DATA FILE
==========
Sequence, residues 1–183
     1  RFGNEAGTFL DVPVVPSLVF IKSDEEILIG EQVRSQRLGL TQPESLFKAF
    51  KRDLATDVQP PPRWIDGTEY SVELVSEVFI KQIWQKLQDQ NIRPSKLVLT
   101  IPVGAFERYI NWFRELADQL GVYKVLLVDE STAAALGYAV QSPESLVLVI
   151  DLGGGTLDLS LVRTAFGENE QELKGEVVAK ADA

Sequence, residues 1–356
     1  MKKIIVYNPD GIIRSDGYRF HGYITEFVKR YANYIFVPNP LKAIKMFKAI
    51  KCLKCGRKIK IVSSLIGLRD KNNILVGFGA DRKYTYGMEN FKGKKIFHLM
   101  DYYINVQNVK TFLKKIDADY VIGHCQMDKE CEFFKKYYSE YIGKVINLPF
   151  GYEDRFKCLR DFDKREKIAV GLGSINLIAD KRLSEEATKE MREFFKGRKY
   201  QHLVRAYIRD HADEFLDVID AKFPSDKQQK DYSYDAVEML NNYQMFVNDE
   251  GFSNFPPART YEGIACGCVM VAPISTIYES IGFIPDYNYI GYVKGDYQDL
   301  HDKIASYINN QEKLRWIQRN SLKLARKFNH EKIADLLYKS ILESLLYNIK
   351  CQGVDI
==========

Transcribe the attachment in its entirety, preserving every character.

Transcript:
Sequence, residues 1–183
     1  RFGNEAGTFL DVPVVPSLVF IKSDEEILIG EQVRSQRLGL TQPESLFKAF
    51  KRDLATDVQP PPRWIDGTEY SVELVSEVFI KQIWQKLQDQ NIRPSKLVLT
   101  IPVGAFERYI NWFRELADQL GVYKVLLVDE STAAALGYAV QSPESLVLVI
   151  DLGGGTLDLS LVRTAFGENE QELKGEVVAK ADA

Sequence, residues 1–356
     1  MKKIIVYNPD GIIRSDGYRF HGYITEFVKR YANYIFVPNP LKAIKMFKAI
    51  KCLKCGRKIK IVSSLIGLRD KNNILVGFGA DRKYTYGMEN FKGKKIFHLM
   101  DYYINVQNVK TFLKKIDADY VIGHCQMDKE CEFFKKYYSE YIGKVINLPF
   151  GYEDRFKCLR DFDKREKIAV GLGSINLIAD KRLSEEATKE MREFFKGRKY
   201  QHLVRAYIRD HADEFLDVID AKFPSDKQQK DYSYDAVEML NNYQMFVNDE
   251  GFSNFPPART YEGIACGCVM VAPISTIYES IGFIPDYNYI GYVKGDYQDL
   301  HDKIASYINN QEKLRWIQRN SLKLARKFNH EKIADLLYKS ILESLLYNIK
   351  CQGVDI